As a teaching elder in the PCUSA, I have married or am willing to publicly marry same gender couples in my pastoral role, in obedience to my ordination vow to “show the love and justice of Jesus Christ.” Respecting the conscience of fellow Presbyterians, I accept the consequences of this declaration, including the provisions of discipline in our Book of Order.
As of this writing I am one of 195 signatories. Some of this is a problem with semantics as we discussed at the meeting last night. What is marriage? Is it a legal document? Is it a religious action? Is it a personal agreement between people?
When the statement says, "I have married or am willing to publicly marry same gender couples," I do wonder have I done that? I am willing to of course. But have I so far? I have not signed a marriage license for a same-gender couple. I live in Tennessee. It will likely take federal troops for this state to accept marriage equality. If I were invited to sign the license and bless the nuptials for a same-gender couple in New York, I will be happy to do it for the gas money and the thrill and honor of it all. (On second thought, if asked, I would buy my own gas).
I have officiated at Holy Unions for same gender couples. I have one coming up this Saturday. David and Landon have invited the congregation to celebrate with them. You can read about it in the newsletter (page 9). Is it a marriage? Here is our session's policy:
Do you marry same-sex couples?Our policy is based on the legal definition of marriage. So from that perspective, this Saturday's wedding is not a marriage. Yet what we will do on Saturday will be no different from what we would do if we lived in New York State, except for signing the license. They will be married in the sacred sense of the word.
No. Tennessee restricts marriage to one man and one woman. However, we do celebrate Holy Union ceremonies for same-sex couples and for opposite-sex couples who do not wish to be married.
I treat same-gender couples no differently from opposite-gender couples. They go through counseling. We create a worship service that is meaningful. We honor and celebrate and bless the relationship as holy, sacred and blessed. I use all the ordained Presbyterian mojo and hoopla I have in me to honor these lives.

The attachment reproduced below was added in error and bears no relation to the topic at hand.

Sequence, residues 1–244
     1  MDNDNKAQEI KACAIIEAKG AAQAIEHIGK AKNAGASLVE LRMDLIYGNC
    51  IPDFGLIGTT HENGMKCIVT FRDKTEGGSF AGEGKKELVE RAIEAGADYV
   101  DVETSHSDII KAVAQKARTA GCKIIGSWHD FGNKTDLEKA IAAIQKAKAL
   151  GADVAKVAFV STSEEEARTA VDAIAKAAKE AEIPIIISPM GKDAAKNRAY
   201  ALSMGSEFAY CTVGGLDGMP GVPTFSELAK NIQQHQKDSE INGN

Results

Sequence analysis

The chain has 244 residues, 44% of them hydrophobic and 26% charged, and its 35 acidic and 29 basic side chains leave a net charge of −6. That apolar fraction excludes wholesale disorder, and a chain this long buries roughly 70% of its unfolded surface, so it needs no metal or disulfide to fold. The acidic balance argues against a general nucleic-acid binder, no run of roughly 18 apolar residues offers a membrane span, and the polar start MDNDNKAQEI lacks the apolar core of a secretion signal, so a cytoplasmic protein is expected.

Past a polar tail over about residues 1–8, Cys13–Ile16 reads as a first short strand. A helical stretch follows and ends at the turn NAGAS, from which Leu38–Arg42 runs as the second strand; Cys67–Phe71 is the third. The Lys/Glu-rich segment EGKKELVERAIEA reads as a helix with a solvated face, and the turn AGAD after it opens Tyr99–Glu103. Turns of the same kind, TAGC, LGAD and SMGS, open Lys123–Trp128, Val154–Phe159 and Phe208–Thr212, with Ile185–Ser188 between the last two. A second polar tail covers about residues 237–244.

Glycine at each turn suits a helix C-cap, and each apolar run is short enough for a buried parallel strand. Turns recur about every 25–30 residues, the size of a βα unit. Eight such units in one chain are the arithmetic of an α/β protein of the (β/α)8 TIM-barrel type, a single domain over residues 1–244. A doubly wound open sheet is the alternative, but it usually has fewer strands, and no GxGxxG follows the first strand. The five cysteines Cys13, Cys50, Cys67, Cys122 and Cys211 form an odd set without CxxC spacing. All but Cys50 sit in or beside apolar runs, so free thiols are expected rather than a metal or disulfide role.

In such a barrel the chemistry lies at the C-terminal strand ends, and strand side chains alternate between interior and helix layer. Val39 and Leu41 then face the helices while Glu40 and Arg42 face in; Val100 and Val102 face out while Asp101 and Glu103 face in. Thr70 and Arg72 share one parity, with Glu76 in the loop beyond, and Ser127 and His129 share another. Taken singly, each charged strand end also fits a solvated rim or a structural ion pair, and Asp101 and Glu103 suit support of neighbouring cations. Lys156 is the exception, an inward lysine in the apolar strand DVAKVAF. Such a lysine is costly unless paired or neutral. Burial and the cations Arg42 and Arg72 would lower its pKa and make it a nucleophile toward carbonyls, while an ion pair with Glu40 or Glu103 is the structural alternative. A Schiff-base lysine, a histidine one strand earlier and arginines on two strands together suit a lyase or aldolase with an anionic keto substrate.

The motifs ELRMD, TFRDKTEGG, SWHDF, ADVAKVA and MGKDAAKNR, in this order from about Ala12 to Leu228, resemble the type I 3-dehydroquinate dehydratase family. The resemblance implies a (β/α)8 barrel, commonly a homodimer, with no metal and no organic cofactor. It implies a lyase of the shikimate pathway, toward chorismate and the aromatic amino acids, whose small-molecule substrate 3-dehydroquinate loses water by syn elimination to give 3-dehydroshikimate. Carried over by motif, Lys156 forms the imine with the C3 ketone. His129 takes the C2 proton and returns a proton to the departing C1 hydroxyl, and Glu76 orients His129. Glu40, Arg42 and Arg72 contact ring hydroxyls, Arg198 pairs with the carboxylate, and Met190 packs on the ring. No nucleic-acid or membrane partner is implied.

So am I breaking the church rules? I really don't know. I do know that my colleagues who sign the license because they happen to live in a state where same-gender marriage is legal are breaking the church rules. I know that because of the precedent set by the Jane Spahr case. If you have not listened to my Religion For Life interview with Jane Spahr, I invite you to do that. Here is the podcast. She describes all the church disciplinary shenanigans in regards to her case, but more importantly she talks about why marriage equality is so critical:
Second class status always leads to violence.Churches and clergy because of the moral symbolism attached to them need to demonstrate in word and in deed that same-gender relationships are moral, ethical, and sacred. If doing so requires personal risk, then we need to ask ourselves what it means to "show the love and justice of Jesus Christ" in the first place.
The General Assembly could have avoided this by issuing an Authoritative Interpretation that would have allowed clergy and churches to marry same-gender couples in states where it is legal to do so. The General Assembly did not do this. Therefore, because my colleagues are at risk of church discipline, including ultimately losing their ordination, this action, Stand For Love, is now necessary. I proudly stand with my colleagues in their obedience to their ordination vows as I seek to obey mine.